• If you are using sanitizer, rub a quarter size drop of sanitizer all over your hands and wrists until it evaporates and your hands are dry.
  2. Step 4 Don't reuse utensils or serving platters.
    Even if you do all the right things when it comes to packing and cooking foods to the right temperature, you can contaminate all your foods if you accidentally reuse utensils and serving platters.
    • Plates, bowels, trays or forks that were used to hold, prep and cook raw foods should be discarded afterwards or put away until you get home to wash them.
    • If you accidentally reuse these items, it's recommended to throw away the cooked food. You have possibly reintroduced harmful bacteria from the raw food's juices to the cooked food.
    • Once you've put food on the grill, have a new and clean platter and utensil set ready to go. This helps eliminate the possibility of you forgetting to switch to clean items.
    • Also do not reuse a marinade or sauce leftover from raw meat or poultry. Even if it's a tasty sauce, the marinade needs to be cooked until it reaches 165F for it to be safe for consumption. However, it's best to throw out unused marinades or sauces that were used with raw meat and poultry.
  3. Step 5 Plan to keep cold foods at the right temperature.
    It's not only important to keep cold foods at the proper temperature during transportation. It's also important to keep an eye on them when you're serving them as well.[4]
    • Consider bringing big food trays to keep filled with ice for your picnic or tailgating party. You can set bowls or platters on top of the ice to help keep chilled foods at a cooler temperature.
    • Continuously use your instant read thermometer to track how cold your foods are. Make sure this is a separate thermometer from the one you used to check the temperature of meat and poultry on the grill. If they start to get warm, you need to either place them back in the cooler or time how long they can sit out.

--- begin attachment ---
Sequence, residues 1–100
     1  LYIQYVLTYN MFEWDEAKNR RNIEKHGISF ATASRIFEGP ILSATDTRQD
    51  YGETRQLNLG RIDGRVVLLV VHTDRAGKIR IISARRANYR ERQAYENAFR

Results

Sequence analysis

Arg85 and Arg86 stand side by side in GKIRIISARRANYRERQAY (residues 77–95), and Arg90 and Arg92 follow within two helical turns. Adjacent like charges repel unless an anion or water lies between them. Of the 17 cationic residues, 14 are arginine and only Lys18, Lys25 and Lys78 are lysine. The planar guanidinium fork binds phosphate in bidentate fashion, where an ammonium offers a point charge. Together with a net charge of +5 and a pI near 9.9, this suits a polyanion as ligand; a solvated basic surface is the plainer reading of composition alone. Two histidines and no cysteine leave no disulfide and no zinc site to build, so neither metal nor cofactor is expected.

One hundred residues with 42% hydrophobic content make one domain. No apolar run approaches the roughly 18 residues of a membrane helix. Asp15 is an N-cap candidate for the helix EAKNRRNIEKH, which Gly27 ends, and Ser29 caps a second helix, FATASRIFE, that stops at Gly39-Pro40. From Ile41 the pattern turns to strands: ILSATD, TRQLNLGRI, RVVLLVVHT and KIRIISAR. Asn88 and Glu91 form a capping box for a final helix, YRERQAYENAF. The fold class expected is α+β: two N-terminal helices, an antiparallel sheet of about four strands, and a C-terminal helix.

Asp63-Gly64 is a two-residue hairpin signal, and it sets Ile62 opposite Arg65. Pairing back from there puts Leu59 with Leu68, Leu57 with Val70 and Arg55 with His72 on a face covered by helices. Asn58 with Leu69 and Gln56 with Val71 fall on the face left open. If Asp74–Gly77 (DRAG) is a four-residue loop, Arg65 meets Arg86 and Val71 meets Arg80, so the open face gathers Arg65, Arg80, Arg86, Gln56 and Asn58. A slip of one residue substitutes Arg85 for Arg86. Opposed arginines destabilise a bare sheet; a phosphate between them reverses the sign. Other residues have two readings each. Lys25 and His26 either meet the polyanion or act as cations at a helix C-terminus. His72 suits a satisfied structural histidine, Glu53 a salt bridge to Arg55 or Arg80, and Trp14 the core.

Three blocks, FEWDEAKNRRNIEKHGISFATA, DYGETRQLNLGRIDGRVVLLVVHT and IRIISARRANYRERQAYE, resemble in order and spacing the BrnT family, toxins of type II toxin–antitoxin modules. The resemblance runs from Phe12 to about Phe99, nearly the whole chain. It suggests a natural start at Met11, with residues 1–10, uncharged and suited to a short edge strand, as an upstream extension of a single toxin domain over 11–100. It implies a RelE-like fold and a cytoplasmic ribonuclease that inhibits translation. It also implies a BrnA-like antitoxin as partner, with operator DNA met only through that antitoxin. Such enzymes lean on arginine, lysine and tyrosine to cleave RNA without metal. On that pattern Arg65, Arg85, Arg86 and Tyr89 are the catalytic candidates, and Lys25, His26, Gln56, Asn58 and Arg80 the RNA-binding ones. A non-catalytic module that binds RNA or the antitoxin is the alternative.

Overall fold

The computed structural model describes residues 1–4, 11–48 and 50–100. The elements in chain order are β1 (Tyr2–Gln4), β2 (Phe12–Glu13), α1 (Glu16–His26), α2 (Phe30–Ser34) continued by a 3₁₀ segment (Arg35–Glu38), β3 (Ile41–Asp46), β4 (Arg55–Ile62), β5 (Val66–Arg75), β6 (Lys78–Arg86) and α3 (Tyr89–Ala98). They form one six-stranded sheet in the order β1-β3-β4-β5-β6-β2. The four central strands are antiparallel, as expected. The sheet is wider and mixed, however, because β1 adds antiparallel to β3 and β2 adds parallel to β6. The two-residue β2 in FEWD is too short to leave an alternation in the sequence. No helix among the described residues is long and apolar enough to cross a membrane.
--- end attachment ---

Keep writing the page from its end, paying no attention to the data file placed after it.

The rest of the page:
• Set a timer if you do not have a way to keep chilled foods cold. Set it for two hours. Once your timer goes off, it's time to get rid of the cold items.
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Part 3
Part 3 of 3:

Choosing Temperature-Stable Foods

  1. Step 1 Pack fresh, whole fruit and vegetables.
    There are a lot of things to consider when it comes to food safety during picnics and tailgating parties. However, there are plenty of foods, like fresh fruits and vegetables, that you do not need to worry about keeping at a safe temperature.
    • Many fruits and vegetables are great shelf-stable items. They don't need to be chilled, they don't need to be cooked and can sit out at room or outside temperature without you needing to worry about them going bad.
    • You may want to consider packing some fruit for sides. You can pack quick items like whole apples, pears, bananas or even grapes. Once cut or sliced, these foods need to be refrigerated.
    • Vegetables are another great side dish or appetizer you can serve. Wash carrots and celery sticks to be served with a ranch dip. Bring whole corn on the cob or sweet potatoes to slice and grill. Also bring whole tomatoes or onions to slice at your picnic for hamburger toppings.
    • Although temperature isn't a concern, you still need to make sure you use safe food handling techniques like washing fruits and vegetables prior to consumption.
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Things You'll Need

  • Insulated bag
  • Ice chest of appropriate size
  • Plastic containers with secure lids
  • Bagged ice or freezer packs
  • Aluminum foil
  • Small plastic containers with lids
  • Disposable plates and meat platter
  • Paper towels
  • Jug of water
  • Hand sanitizer and/or hand washing soap